9. Place your crock or jar in a dark place with fairly constant temperature - you want it to remain around 70-degrees Fahrenheit. If it is slightly cooler, it will take longer to ferment. If it is slightly warmer, it may be done sooner, so check it earlier.
  10. Let ferment it for 4-5 days. I usually check it on Day 4, but for me it typically takes another day or two, at least if I'm fermenting in the winter.
  11. On Day 4 or 5, remove the lid, and taste your kraut. If it doesn't taste sour enough, replace the lid snugly and let ferment another day, then re-taste until you are satisfied. (Note: Naturally fermented kraut will not have a strong sour taste like vinegar - it will be more of a mild tangy flavor.)
  12. When done, remove the lid and airlock, and cap with a regular air-tight lid (if using a crock, transfer to a glass jar with tight-fitting lid). Refrigerate. Flavor will continue to develop in the refrigerator, and your kraut should keep for several months.
  13. Eat a few bites every day to maintain healthy bacterial flora - and your health!

Fermented Kimchi

Additional Ingredients:
  • 1 carrot, shredded
  • 1/2 cup shredded daikon radish or turnip
  • 1/2 small onion, grated OR 2 green onions, finely sliced
  • 2 cloves garlic, grated
  • 1 thumb-sized piece of fresh ginger, grated
  • 1/2 tsp red pepper flakes OR 2 TB Korean red chili pepper powder (spiciness can vary by brand, so I would suggest starting with a smaller amount, then taste for spice and add more if desired; mine was pretty mild, so I used the full amount.)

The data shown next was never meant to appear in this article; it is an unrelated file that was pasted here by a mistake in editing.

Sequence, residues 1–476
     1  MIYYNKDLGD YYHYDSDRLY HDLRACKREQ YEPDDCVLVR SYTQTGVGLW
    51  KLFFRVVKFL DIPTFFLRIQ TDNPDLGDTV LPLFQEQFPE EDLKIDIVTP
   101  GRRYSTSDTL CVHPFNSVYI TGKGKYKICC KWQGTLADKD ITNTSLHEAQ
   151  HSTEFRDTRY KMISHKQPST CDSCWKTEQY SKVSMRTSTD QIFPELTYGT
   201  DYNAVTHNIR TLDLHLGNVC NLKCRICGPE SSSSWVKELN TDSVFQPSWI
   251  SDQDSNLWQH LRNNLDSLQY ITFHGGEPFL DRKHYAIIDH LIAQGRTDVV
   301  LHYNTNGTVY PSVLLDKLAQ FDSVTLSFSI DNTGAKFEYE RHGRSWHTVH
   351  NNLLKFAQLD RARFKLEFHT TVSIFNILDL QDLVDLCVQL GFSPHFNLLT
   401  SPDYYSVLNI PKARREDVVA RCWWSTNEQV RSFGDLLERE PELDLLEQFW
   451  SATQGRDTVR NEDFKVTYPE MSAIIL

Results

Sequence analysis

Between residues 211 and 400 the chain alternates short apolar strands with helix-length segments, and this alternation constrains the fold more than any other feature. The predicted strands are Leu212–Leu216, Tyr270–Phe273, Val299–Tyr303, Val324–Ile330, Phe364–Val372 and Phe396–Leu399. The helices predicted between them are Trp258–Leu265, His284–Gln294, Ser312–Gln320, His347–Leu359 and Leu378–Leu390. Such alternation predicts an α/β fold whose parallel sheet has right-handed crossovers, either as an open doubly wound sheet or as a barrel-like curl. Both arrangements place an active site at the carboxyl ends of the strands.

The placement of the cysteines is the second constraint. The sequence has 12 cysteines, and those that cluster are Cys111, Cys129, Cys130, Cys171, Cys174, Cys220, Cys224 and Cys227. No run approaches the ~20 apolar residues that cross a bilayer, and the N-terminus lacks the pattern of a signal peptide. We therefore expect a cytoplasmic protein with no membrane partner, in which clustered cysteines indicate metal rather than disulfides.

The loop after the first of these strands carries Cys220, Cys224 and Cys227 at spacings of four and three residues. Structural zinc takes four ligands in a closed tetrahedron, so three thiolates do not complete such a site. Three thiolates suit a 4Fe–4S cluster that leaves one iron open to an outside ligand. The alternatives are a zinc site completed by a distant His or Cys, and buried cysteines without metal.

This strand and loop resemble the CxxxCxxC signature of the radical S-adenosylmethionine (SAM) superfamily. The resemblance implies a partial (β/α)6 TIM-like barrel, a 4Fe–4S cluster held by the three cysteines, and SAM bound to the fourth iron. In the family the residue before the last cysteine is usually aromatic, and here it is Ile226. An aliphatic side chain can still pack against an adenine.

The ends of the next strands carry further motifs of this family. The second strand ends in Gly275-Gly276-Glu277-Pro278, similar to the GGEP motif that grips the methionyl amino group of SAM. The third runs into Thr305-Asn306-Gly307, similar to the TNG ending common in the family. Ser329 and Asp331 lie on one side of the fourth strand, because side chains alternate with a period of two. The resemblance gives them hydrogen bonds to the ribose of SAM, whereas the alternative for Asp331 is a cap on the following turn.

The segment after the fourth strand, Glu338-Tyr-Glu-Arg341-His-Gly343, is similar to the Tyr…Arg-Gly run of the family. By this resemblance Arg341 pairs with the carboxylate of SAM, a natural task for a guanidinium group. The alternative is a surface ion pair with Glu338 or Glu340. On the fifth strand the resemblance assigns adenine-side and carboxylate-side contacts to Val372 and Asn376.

• 1-2 extra tsp salt, if increasing the jar size
Picture
2 jars of Kimchi plus a jug of hard cider fermenting on top of the fridge...
Directions:
  • Follow directions as listed above, but after Step 4, add remaining Kimchi ingredients to the cabbage, pound for another minute or so, and then mix well before packing into crock or jar.

* Notes: Although the plate underneath is optional, I highly recommend it! I went without it the last time I made kimchi, and the fermentation was so vigorous (and jar was probably over-full) that the brine leaked out and overflowed all over the top and down the sides of the refrigerator! Lesson learned.

Also, I encourage you to use organically grown vegetables whenever possible. Not only will this help you avoid pesticide residues, but some conventionally grown vegetables are irradiated or treated with other chemicals which may interfere with the proper development of the healthy bacteria necessary for fermentation.


As you can see, kimchi - and especially kraut - is pretty easy to make, and it is absolutely delicious, and super healthy.  Learning about natural fermentation is fun and interesting (or maybe I'm just a nerd), and once you get the hang of it, you can try experimenting with your own recipes. It is quite safe as long as your workspace and utensils are clean, and even so, if you ever have a bad batch (which I did once with an improperly-lidded batch of fermented turnips - this was before I got my airlock, so don't be tempted to try it without - trust me), you will know immediately by the smell and taste.

If you want to learn more about making your own fermented foods, I highly recommend The Art of Fermentation, by Sandor Katz. It's my "fermentation Bible," and covers everything from pickles, to fermented beverages, breads, cheeses, and more. It's fun to read, interesting, and full of details on everything you need to know about fermentation, including precautions, suggestions, and plenty of recipes to try.

Live healthy!
Rose.